Montessori Education

Education for the Twenty-First Century

There has been a great deal written about the twenty-first century school.  In the report “Tough Choices, Tough Times,” the National Center on Education and the Economy (NCEE) states that leadership in the twenty-first century requires:

a deep vein of creativity that is constantly renewing itself…a myriad of people who can imagine how people can use things that have never been available before…a world in which comfort with ideas and abstractions…creativity and innovation are the key.

This requires schools look and sound very different than the traditional schools.   A woman ahead of her time, Maria Montessori understood that children already possess creativity and innovation as demonstrated through their inquisitive nature.  Unfortunately many children loose that curiosity during their school years.  In her book, The Absorbent Mind, Dr. Montessori noted:

If education is always to be conceived along the same antiquated lines of a mere transmission of knowledge, there is little to be hoped from it in the bettering of man’s future.  For what is the use of transmitting knowledge if the individual’s total development lags behind?

Karlyn Adams report “The Sources of Innovation and Creativity” recommends schools that exemplify the characteristics of Montessori Classrooms.
These classrooms:

  • Provide enough predictability that children feel safe, but allow for freedom of choice; Montessori teachers call this “freedom within limits.”
  • Emphasize intrinsic motivation where children are absorbed in work that interests them developing concentration and independence; Montessori teachers call this “creating environments to support children’s changing interests, levels of independence, and motivations for learning.”
  • Focus on “what did you learn” and not “how did you do?”  Tests that reflect only on the product of learning do not encourage the kind of concentration and thinking involved in innovative problem solving.  Montessori teachers think of this as focusing on the learning process as much as on the learning product, encouraging continual reflection on the quality of one’s work and ways to revise it provide a foundation for problem solving.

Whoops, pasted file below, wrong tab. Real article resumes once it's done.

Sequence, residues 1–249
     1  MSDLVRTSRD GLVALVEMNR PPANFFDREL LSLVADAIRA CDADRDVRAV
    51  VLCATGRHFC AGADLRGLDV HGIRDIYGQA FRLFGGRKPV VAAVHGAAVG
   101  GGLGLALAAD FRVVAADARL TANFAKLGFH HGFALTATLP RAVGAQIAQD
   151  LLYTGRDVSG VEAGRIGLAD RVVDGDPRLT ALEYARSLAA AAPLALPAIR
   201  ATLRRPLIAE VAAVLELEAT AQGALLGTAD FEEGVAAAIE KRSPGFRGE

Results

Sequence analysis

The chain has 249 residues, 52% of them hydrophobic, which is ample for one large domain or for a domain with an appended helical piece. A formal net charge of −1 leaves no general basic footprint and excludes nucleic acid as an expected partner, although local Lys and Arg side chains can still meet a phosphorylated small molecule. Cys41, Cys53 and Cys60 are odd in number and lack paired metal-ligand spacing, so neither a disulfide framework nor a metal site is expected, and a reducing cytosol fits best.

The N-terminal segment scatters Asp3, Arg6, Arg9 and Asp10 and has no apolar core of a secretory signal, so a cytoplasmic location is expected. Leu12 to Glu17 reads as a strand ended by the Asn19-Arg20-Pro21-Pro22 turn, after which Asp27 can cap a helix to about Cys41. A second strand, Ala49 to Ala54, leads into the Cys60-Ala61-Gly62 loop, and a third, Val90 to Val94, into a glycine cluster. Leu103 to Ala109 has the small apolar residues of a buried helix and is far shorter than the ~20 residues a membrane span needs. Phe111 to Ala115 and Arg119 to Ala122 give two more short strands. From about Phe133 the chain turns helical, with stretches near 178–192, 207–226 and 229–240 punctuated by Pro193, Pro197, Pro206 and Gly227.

• Foster self-efficacy or a sense of capability to accomplish goals and undertake difficult tasks; Montessori teachers live with the mantra, “never do for children what they can do for themselves.”
  • Are communities of learners; they develop children’s people skills allowing for ideas to be shared and refined with input from all– Montessori classrooms create this naturally in multi-age classrooms.
  • Offer curriculum that fosters interdisciplinary connections around “Big Ideas” helping children to understand the connections across disciplines, ideas and experiences leading to innovative thinking to solve problems.  Montessori teachers do this by focusing children on ideas like understanding the “basic needs of people,” “our connections to the environment,” and “the connectedness of all humans.”

It should come as no surprise that in a study of successful innovative business leaders published by the Harvard Business Review last year, the researcher noted that it was interesting that many of these business leaders attended Montessori schools. The researchers stated,

We also believe that the most innovative entrepreneurs were very lucky to have been raised in an atmosphere where inquisitiveness was encouraged. We were struck by the stories they told about being sustained by people who cared about experimentation and exploration. Sometimes these people were relatives, but sometimes they were neighbors, teachers or other influential adults. A number of the innovative entrepreneurs also went to Montessori schools, where they learned to follow their curiosity. To paraphrase the famous Apple campaign, innovators not only learned early on to think different, they act different (and even talk different).”

We encourage you to consider MTAD Schools when seeking a school to prepare your child for life in the twenty-first century.